It is time for the member for Malpeque to stand up for farmers, stand up for his constituents, and vote against the long gun registry.

Parti Québécois
Statements By Members

2:10 p.m.

Bloc

Pierre Paquette Joliette, QC

Mr. Speaker, it was 40 years ago today, on April 29, 1970, that the first seven members of the Parti Québécois were elected.

On that day, 23% of Quebec voters put their trust for the first time in a party that would change Quebec's political scene by carrying the dream and the hopes of a people and a whole nation, and by defending the ideals of social democracy.

From that day on, Robert Burns, Claude Charron, Marcel Léger, Charles-Henri Tremblay, Guy Joron, Camille Laurin and Lucien Lessard would promote these aspirations in the National Assembly.

Incidentally, it was in that election that, for the first time, the Parti Québécois presented candidates in every riding of Quebec.

From then on, the sovereignist movement would be able to rely on democratically elected representatives to promote the reason why René Lévesque created the Parti Québécois, namely to achieve Quebec's sovereignty.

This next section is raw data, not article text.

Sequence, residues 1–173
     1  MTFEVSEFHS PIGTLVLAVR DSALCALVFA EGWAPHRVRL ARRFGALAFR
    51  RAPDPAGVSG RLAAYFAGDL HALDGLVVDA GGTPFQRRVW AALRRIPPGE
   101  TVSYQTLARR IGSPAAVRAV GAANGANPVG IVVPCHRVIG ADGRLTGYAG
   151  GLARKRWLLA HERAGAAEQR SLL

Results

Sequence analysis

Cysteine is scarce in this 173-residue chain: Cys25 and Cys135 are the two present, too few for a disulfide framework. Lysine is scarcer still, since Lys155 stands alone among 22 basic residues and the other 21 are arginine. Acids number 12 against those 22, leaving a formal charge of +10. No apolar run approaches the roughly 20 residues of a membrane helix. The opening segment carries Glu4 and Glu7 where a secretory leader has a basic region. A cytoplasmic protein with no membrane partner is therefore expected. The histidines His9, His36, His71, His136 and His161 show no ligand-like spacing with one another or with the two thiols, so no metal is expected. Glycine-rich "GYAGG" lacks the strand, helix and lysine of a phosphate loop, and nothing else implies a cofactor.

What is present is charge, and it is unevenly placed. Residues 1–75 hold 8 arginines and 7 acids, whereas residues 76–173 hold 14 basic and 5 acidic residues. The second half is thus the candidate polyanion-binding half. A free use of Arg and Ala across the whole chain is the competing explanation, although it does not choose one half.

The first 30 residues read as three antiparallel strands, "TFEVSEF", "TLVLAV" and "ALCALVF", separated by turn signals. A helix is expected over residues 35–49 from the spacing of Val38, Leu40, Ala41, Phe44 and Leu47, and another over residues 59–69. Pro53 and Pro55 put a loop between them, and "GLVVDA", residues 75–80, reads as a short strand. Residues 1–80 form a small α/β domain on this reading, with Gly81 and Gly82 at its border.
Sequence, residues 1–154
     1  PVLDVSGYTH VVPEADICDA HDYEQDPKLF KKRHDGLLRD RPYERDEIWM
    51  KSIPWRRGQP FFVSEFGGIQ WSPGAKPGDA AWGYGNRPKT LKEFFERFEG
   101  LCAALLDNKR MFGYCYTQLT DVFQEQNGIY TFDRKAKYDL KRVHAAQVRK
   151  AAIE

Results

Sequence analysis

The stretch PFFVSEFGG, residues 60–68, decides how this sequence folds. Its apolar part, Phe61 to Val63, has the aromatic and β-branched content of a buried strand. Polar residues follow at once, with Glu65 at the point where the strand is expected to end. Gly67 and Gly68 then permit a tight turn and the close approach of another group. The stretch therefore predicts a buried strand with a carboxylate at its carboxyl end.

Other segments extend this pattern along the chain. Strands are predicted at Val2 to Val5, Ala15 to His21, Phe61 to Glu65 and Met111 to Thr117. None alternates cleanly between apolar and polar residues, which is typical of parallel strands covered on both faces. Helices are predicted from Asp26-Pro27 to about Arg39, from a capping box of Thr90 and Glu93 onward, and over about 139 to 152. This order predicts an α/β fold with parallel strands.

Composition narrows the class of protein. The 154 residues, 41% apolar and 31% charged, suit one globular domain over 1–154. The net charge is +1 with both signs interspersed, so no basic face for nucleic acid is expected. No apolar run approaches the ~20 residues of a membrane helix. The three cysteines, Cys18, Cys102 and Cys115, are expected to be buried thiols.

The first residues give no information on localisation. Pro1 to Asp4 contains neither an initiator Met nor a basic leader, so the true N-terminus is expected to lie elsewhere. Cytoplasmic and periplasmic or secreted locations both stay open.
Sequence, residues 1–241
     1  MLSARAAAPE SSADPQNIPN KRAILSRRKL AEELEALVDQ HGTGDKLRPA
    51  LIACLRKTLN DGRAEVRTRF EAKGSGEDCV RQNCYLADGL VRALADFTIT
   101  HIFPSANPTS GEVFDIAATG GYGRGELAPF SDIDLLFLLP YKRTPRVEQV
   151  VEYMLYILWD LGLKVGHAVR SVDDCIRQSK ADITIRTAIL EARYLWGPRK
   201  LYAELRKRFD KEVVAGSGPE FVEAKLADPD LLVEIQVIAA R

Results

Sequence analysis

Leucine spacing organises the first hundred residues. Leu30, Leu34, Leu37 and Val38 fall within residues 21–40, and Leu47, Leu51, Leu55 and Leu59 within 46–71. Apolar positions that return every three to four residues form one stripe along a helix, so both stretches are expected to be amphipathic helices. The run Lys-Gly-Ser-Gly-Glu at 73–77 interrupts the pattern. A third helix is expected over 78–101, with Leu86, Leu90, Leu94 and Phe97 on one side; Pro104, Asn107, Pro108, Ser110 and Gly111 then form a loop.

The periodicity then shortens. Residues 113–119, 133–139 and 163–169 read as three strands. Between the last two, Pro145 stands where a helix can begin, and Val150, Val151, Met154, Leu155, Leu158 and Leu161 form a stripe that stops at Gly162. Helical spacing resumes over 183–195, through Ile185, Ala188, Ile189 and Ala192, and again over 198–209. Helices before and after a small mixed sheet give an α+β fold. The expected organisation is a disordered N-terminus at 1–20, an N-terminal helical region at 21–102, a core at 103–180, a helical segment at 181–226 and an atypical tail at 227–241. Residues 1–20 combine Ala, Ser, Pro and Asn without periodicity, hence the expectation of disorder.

I invite all Quebeckers to take part in the celebrations commemorating this historic event and the long road that has been travelled since. These celebrations are taking place this evening, in Montreal. Bravo!

Firearms Registry
Statements By Members

2:10 p.m.

Liberal

Marc Garneau Westmount—Ville-Marie, QC

Mr. Speaker, yesterday, the Bloc Québécois joined the Conservatives to prevent groups fighting to keep the firearms registry from being heard at the hearings on that registry.

The Bloc has decided that it would be better to substitute pro-gun lobbyists for these groups. They would rather hear people like Tony Bernardo, who believes that by saving nine lives annually, gun control has an insignificant impact.

The Bloc wants to hear marginal groups who absolutely do not reflect the Quebec consensus in favour of keeping the registry.

And who are those groups that may have to sit on the sidelines because of the Bloc's totally irresponsible and unforgivable behaviour? It is groups like the Association des étudiants de Polytechnique, the Dawson Committee for Gun Control, the Government of Québec, the Association des directeurs de police du Québec, the Fédération des femmes du Québec, the Service de police de la Ville de Montréal, the Association québécoise de prévention du suicide, the Regroupement des maisons pour—

Firearms Registry
Statements By Members

2:15 p.m.

Liberal

The Speaker Peter Milliken

The hon. member for Elgin—Middlesex—London.

Leader of the Liberal Party of Canada
Statements By Members

2:15 p.m.

Conservative

Joe Preston Elgin—Middlesex—London, ON